Today is the 70th birthday of Marc Neikrug, the highly-respected American composer, pianist, and arts administrator whose accomplishments have been heard on WFMT and around the world for almost four decades. Marc lives a prolifically creative life, albeit on the quieter side of fame, and we’d like to help you know him a little better as we wish him many, many happy returns of the day.
Major American and international orchestras and presenters, such as the New York Philharmonic and the Deutsche Oper Berlin, have commissioned or performed Marc’s chamber music, symphonies, music-based theater pieces, and operas. The lengthy roster of notable musicians who have championed his work includes Zubin Mehta, Alan Gilbert, Leonard Slatkin, Oliver Knussen, Jennifer Koh, James Galway, Kirill Gerstein, Susan Graham, Pinchas Zukerman, Maximilian Schell, and the Emerson, Vermeer, Tokyo and Orion Quartets.
This week, WFMT has aired a number of recordings featuring Marc as composer or as pianist. The Milwaukee Symphony Orchestra graciously allowed us to rebroadcast the Clarinet Concerto Marc wrote in 2010 for the MSO’s principal clarinetist, Todd Levy. We’ve featured some of the remarkable duo recordings Marc made with his long-time recital partner violinist Pinchas Zukerman, and we’ve shared some of his performances with musicians from the Santa Fe Chamber Music Festival where he has served as artistic director since 1998. Finally, on Sunday, September 25th at 11:00 PM, WFMT brings you an encore presentation of Marc’s beautiful Healing Ceremony, the result of his dedication to the Navajo culture of New Mexico and his belief in the healing power of music.
Kerry Frumkin and Louise Frank have gotten to know Marc through their work on WFMT’s Santa Fe Chamber Music Festival radio series, and it was in Santa Fe this summer that Kerry spoke with Marc about his multi-faceted, musical life. When asked what motivated him towards a life in music, Marc responded with wry seriousness, “Genetically, I had no choice.”
As for important influences, Marc emerged into a virtuosic, unusually curious, and musically omnivorous family. And then there was Stefan Askenase, the piano teacher with a connection to Mozart.
Beginning with his first season as artistic director of the Santa Fe Chamber Music Festival, Marc has presented commissions and contemporary music on a regular basis. Marc noted to Kerry how the Festival’s devoted audiences have expressed their appreciation: “And now they say, ‘I wonder what the new piece will be.’ People here are grateful their horizons have been expanded.”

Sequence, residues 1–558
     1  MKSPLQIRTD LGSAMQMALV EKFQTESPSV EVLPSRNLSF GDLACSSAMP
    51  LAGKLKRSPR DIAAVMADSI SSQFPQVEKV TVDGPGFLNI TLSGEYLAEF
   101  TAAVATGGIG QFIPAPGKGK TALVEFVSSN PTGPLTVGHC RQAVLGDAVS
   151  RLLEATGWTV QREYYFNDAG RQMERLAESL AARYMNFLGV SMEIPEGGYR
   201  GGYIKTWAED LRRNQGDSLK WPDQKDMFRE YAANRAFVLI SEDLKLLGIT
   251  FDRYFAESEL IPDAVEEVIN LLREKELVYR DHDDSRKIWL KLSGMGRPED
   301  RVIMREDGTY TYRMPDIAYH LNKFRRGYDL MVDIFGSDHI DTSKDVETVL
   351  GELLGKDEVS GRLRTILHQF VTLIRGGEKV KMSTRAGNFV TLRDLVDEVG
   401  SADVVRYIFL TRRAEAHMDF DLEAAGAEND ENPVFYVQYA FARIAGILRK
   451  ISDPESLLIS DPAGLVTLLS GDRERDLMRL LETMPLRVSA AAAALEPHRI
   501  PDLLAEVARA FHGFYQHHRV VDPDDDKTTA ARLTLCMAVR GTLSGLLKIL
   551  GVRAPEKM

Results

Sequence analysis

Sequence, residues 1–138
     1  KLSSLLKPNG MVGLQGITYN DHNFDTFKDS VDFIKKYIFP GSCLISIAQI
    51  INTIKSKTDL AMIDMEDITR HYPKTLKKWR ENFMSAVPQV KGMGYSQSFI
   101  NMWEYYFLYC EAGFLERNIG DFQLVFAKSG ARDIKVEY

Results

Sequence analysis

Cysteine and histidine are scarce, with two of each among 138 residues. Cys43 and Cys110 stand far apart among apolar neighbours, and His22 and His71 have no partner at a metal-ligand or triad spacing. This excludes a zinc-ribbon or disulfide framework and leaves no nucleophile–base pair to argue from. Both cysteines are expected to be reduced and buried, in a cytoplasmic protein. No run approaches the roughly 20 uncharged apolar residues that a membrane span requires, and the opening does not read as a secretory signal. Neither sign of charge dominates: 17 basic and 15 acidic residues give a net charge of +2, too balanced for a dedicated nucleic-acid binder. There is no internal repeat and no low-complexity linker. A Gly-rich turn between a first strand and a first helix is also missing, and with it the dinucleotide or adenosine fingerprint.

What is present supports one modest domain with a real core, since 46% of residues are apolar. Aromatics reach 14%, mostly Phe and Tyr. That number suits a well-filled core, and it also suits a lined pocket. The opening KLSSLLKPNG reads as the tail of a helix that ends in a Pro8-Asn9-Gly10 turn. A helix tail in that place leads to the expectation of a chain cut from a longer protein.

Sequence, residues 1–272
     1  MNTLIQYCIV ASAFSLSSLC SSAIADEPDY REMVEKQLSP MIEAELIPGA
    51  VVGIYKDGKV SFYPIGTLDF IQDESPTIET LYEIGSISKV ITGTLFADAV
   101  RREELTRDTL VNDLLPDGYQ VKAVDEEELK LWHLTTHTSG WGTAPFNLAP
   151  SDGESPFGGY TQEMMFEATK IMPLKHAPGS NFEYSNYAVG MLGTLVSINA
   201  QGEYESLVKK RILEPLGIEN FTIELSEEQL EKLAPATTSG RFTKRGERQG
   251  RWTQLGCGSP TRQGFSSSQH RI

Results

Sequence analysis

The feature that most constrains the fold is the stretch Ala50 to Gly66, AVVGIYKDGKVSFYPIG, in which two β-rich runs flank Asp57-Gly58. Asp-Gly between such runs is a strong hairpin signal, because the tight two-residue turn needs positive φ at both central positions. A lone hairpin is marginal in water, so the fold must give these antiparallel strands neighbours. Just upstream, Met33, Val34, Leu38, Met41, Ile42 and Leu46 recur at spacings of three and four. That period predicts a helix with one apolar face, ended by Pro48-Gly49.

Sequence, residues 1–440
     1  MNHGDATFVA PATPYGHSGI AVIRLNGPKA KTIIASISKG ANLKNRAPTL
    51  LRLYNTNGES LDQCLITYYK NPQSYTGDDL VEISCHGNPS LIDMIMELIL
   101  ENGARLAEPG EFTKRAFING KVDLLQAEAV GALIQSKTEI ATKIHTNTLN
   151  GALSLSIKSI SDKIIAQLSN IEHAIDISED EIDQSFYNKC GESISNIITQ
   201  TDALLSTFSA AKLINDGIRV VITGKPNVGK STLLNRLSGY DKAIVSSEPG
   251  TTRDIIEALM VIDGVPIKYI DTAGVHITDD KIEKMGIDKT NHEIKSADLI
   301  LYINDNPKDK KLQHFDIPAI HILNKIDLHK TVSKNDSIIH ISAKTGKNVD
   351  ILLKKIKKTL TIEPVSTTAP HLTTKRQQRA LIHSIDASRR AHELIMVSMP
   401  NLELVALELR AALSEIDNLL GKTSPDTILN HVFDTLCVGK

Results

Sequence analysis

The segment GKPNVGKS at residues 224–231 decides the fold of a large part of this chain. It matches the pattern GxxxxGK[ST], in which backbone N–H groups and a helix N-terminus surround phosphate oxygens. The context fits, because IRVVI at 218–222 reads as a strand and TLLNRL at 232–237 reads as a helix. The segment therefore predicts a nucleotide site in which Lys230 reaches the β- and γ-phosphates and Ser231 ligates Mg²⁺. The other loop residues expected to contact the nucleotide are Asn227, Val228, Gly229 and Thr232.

Marc confided that his 35-year collaborative partnership with violinist Pinchas Zukerman shines among the highlights of his long career and many accomplishments. “He is the most amazingly intuitive, impeccable musician I have ever known.”
Through Roses, Marc Neikrug’s brilliant account of a Holocaust survivor haunted by guilt and memories, was commissioned by London’s South Bank Festival with the National Theater. Since its premiere in 1980, it has had hundreds of performances in 15 countries and has been translated into 11 languages. A film version of Through Roses was directed by Jürgen Flimm and stars Maximilian Schell.
A commission from the Deutsche Oper Berlin not only enabled Marc to compose his his anti-nuclear opera, Los Alamos, it led to his first visit to New Mexico and from there, to unanticipated, positive and enduring changes in his personal life – and a move from 98th Street and West End Avenue in New York, to Santa Clara Pueblo.
“Audiences are never averse to expanding their knowledge. Presenters are because they’re afraid they’ll lose the audience. In fact, I always believed that was exactly the opposite of the truth.”
– Marc Neikrug on the importance of programming full pallet of musical offerings, including contemporary music, at the Santa Fe Chamber Music Festival